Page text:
The head of the primary lobby for for-profit hospitals says that quality measures are sorely needed to improve patient care, but that some of the current initiatives lack both the appropriate focus and financial incentives.
Writing in the most current edition of the journal Health Affairs, Charles "Chip" Kahn, executive director of the Federation of American Hospital Systems, critiqued the programs developed under the Affordable Care Act (ACA) as sometimes redundant and costly to deploy. Meanwhile a study that accompanied the article noted that the financial rewards and penalties that underlie the programs are modest at best.
In the article, Kahn praised some of the quality initiatives that have been developed under the ACA, particularly the Hospital Readmissions Reduction Program, the Value-Based Purchasing (VBP) Program, and the Hospital-Acquired Condition (HAC) Reduction Program. But he also pointed out significant flaws, which included the "redundancy and relevance of measures that are used in both the VBP and HAC programs; the arbitrary, musical chairs-like HAC penalty that punishes a quarter of all hospitals every year regardless of how well those institutions have improved, or even potentially of how well they actually performed; and, the silence of the readmissions measure on the critical socio-economic factors, which studies show are likely to influence readmissions of low-income patients for reasons beyond the hospital's capacity to affect."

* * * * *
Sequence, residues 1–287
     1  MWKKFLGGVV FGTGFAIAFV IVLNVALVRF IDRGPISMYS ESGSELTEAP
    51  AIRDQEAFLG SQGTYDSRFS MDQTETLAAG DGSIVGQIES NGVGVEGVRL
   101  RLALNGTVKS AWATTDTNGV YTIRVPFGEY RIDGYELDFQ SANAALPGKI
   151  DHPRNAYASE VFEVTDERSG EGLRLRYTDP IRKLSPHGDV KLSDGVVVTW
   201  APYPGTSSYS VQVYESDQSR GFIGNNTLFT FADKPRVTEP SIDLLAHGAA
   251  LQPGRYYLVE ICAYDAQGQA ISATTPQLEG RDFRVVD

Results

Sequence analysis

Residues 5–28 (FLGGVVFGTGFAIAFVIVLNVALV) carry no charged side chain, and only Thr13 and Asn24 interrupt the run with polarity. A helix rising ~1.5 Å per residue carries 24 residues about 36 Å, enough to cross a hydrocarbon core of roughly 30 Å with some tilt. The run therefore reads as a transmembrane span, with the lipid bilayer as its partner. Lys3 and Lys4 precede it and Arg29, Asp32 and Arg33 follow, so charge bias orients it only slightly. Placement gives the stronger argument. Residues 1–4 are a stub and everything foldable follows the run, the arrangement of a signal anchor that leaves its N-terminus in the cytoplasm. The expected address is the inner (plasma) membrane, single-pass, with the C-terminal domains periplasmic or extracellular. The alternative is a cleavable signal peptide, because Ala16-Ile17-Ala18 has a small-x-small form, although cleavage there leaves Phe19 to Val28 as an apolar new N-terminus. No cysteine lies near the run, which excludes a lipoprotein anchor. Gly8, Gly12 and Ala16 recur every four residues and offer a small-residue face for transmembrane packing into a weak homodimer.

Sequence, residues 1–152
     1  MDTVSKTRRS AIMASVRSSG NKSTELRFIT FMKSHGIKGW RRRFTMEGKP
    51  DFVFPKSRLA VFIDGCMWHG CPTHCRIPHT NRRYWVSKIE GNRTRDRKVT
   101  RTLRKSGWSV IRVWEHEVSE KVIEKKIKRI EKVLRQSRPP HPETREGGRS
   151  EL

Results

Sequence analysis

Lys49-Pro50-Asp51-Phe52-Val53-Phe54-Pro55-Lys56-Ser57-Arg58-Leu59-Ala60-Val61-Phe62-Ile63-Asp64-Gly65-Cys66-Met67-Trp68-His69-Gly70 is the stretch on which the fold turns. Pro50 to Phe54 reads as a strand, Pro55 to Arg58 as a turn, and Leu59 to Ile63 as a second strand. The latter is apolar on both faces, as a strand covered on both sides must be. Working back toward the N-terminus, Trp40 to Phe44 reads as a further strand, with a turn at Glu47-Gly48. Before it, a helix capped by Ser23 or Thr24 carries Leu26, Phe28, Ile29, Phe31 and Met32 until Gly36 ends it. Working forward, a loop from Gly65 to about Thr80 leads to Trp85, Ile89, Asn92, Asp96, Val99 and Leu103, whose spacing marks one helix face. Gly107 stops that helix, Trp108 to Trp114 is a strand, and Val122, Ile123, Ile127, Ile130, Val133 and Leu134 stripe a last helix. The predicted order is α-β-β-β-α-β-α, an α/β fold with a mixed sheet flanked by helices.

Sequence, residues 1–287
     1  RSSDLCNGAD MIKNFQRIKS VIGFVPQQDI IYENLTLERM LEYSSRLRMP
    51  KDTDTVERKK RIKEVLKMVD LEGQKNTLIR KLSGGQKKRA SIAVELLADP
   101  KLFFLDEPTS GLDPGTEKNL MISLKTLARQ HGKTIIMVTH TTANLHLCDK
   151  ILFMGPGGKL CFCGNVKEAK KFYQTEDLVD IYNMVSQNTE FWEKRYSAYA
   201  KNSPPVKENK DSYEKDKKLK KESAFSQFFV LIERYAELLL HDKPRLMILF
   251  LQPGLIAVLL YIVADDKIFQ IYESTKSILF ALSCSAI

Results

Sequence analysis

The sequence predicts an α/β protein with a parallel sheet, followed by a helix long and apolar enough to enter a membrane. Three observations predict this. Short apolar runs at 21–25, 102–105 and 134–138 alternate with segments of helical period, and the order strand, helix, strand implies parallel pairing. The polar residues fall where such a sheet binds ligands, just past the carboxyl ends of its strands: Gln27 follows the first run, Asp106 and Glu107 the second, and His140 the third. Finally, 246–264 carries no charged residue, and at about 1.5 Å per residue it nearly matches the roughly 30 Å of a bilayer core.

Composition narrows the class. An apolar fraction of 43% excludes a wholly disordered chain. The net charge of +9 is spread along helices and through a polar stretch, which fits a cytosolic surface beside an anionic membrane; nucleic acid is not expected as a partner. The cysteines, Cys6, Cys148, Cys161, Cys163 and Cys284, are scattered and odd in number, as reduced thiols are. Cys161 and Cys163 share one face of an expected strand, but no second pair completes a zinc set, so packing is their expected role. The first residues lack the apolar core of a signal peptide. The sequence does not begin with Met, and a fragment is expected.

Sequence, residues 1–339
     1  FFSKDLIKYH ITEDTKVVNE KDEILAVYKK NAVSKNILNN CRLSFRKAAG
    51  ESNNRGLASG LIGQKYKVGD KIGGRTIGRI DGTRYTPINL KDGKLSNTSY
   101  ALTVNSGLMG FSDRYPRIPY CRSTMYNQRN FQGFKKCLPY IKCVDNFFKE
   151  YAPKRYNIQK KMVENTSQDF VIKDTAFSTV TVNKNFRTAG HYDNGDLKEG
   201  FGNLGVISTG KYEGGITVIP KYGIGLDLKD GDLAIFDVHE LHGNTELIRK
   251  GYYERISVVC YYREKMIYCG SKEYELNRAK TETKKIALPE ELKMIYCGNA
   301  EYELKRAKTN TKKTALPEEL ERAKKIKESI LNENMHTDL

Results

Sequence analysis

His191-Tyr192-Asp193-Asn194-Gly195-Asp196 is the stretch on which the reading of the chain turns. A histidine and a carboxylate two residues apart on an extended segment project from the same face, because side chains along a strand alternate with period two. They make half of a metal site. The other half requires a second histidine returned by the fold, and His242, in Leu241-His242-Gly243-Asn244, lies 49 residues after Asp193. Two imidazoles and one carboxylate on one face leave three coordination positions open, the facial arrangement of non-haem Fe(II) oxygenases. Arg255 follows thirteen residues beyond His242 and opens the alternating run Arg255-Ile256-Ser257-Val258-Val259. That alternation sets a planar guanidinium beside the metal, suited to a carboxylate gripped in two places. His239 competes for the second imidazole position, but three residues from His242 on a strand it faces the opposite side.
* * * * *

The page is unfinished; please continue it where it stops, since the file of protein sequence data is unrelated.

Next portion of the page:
Regarding the VBP, Kahn co-authored a study in Health Affairs indicating that the financial impact of the program is likely negligble at best. For example, the mean bonus for a high performer in the program was just $73,000--about the salary for a single nurse. And 60 percent of the hospitals that receive rewards reaped less than $50,000 in bonus payments. Penalties also tended to be equally modest, suggesting that hospitals were not motivated to participate at a high level. The numbers were similar for the HAC and hospital readmission programs.
Kahn did note that the hospital sector has been more focused on quality than in the past, with the Institute of Medicine's report about deaths at hospitals 16 years ago serving as a wakeup call.
"The root notion underlying IOM's recommendations was that performance measurement and reporting of the results would fuel needed improvement. Much progress has been made since these troublesome reports," Kahn wrote. "However, to expand and sustain progress, efforts that have been taken by the public and private sectors need to be properly targeted and refined."
The U.S. healthcare system is having a reckoning of sorts regarding quality, given it is ranked near the bottom among industrial countries, while costing far more to deliver care.
The IOM may also play a new role in redeveloping quality metrics, particularly through its "Vital Signs" report released last spring, according to Kahn. The IOM concluded that the measures currently in place require as many as 100 full-time employees per healthcare system to implement and cost up to $12 million a year.
The report, Kahn said, "recommends a set of 'core metrics' (including measures such as life expectancy, patient safety, and healthy communities), which will provide an infrastructure that can be used to concentrate assessment on what is truly most essential for healthcare delivery."